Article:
Wednesday, January 14, 2009

The hard way

Engineers have an unusual ability to turn the most mundane, trivial task into what they hope will be the next wonder of the world, and justify it, using any and every conceivable technical benefit as a mandate to choose the more complicated approach.

What turns otherwise-practical engineers into Rube Goldberg cartoons with sledgehammers? It's a combination of making an otherwise-unbearable task bearable by putting fun jobs in between—a bit like chocolate chips in pancakes—and a dream of a world where every line is straight, measurement metric, and angle is right. Think of it as a release of pent-up creativity from people trained to improve things every chance they get.

Engineers dream of a world where things automagically work. Sure, a drip-free faucet would be nice, but motion-sensing spigots are the future (just look at airports)! Why stop there? If one shower head is good, two must be better, but why upgrade an obsolete shower? Maybe a second head in a new shower makes more sense, and so it continues.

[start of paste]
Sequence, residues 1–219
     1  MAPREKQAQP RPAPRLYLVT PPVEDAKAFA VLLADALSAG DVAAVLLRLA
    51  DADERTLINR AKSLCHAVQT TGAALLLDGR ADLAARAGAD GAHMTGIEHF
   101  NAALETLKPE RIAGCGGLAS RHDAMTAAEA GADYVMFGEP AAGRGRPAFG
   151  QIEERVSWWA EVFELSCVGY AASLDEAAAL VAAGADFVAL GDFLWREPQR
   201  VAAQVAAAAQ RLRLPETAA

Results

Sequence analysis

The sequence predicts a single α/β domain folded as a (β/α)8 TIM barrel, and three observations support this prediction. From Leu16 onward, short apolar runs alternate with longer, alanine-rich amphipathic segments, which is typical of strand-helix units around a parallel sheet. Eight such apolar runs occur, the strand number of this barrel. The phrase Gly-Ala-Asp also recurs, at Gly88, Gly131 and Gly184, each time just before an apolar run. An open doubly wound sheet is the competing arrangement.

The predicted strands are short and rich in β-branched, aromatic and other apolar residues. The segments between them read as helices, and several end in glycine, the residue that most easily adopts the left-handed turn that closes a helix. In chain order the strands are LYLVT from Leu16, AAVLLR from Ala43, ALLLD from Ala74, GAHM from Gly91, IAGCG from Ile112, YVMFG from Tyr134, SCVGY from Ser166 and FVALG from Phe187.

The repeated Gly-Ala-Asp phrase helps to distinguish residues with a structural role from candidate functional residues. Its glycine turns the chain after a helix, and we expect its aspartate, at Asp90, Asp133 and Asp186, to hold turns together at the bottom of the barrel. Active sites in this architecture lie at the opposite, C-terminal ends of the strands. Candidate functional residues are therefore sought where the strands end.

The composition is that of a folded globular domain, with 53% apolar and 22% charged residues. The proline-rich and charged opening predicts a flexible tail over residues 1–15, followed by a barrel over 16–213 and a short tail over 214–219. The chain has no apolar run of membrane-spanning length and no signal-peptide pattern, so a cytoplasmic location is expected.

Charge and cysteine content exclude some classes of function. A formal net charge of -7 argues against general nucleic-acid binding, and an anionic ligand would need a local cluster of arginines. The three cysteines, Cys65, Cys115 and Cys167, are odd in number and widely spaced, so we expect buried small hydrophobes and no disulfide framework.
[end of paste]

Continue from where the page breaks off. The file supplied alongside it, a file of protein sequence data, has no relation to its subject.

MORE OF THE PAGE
And what's the result of their once-noble endeavour; which steps do they complete? Just the fun parts—the parts that were never even part of the original task.

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